The interpretation of regulations is an ongoing concern. Individual inspectors can sometimes interpret regulations in very prescriptive or widely varying ways, leading to a lack of consistency with what are supposed to be clear, national standards.
In addition, for the purposes of inspection, the current social care regulator, the Commission for Social Care Inspection (CSCI), does not specifically recognize autism and acquired brain injury and so will often inspect and judge a service based on criteria appropriate for other services such as learning disability.
This can be particularly inappropriate in the case of services for people with autism where for example the sensory environment that you might expect to see in a learning disability service may be highly detrimental to the well-being of someone with autism.
Furthermore, the Government has again decided to restructure regulation of the sector, integrating health and social care inspection in a new body, the Care Quality Commission, which is due to take over in April 2009. It is to be hoped this latest restructure will not lead to a period of confusion and uncertainty for the sector as the new body beds down. The CQC will also have more extensive powers to close services it believes are not up to standard and we will need to watch and see how the new regulator uses these powers.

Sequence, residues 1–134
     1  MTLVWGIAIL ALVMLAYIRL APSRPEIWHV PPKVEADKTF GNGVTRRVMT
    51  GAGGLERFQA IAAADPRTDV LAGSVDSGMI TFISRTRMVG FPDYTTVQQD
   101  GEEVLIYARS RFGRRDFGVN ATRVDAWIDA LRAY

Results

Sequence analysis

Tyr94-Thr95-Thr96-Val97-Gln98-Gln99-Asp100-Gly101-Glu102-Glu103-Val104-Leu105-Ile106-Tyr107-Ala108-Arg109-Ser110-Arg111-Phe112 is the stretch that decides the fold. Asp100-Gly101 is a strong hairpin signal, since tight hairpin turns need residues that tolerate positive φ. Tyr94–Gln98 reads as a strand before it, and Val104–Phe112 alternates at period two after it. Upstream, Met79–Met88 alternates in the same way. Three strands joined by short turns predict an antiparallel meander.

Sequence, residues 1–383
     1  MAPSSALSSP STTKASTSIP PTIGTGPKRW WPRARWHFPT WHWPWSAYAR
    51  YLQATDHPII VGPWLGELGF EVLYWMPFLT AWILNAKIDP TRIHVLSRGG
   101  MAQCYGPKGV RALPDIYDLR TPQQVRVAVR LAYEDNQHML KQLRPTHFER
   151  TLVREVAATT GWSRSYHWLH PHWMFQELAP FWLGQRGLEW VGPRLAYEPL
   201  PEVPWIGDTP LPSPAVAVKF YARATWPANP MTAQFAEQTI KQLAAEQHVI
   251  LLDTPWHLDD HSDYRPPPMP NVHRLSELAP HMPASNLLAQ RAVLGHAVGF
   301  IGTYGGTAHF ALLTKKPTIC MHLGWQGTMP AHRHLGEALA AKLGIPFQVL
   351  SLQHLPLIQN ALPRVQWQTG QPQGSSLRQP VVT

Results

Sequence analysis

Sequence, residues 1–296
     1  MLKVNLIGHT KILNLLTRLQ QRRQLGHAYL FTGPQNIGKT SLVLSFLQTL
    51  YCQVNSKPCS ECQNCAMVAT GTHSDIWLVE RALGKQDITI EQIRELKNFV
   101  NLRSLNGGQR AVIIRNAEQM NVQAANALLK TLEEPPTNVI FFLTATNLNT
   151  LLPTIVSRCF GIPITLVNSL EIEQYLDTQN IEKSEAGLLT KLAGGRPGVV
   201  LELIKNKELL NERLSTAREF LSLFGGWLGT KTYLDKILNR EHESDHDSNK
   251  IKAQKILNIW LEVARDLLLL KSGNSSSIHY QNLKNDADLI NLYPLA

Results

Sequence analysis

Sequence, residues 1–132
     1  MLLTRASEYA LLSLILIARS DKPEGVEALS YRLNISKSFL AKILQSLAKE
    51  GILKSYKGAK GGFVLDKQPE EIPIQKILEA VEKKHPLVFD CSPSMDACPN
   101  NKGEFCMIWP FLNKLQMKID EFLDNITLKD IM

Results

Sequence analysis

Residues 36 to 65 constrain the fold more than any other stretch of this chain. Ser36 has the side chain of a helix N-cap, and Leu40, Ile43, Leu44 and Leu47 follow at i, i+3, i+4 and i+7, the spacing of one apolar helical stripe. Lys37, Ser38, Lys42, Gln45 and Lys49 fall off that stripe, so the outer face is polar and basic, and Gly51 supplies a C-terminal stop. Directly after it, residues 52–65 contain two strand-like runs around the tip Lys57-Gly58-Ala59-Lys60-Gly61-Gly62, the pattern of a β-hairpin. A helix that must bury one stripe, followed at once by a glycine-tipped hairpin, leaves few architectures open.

The Disabilities Trust believes that regulation of the voluntary sector must be proportionate and consistent and that a regulatory regime that is too inflexible, prescriptive and costly may adversely affect the sector's unique strengths and diversity and impact upon its ability to deliver services.
Specific Funding for Autism and Brain Injury
Currently there is no statutory obligation for local authorities to fund services for people with conditions such as autism or acquired brain injury.
The funding for such services often comes from funds allocated to meet an authority's statutory obligations, such as services for people with a learning disability.
Unfortunately, because there is no obligation to fund services specifically designed for people with autism and brain injury, individual service users may be placed in services that are not specifically tailored to meet their needs.
This is something that particularly seems to affect people with autism, some of whom may be placed in learning disability services despite the fact that autism is not in itself a learning disability.
The Disabilities Trust believes that these unique and complex conditions should be specifically acknowledged as disabilities in their own right and that local authorities should have a statutory duty to fund specialist services for people with autism and acquired brain injury.
If you would like further information about any of these issues please contact Matt Townsend, Public Affairs Officer on 01444 237 295 or email email@example.com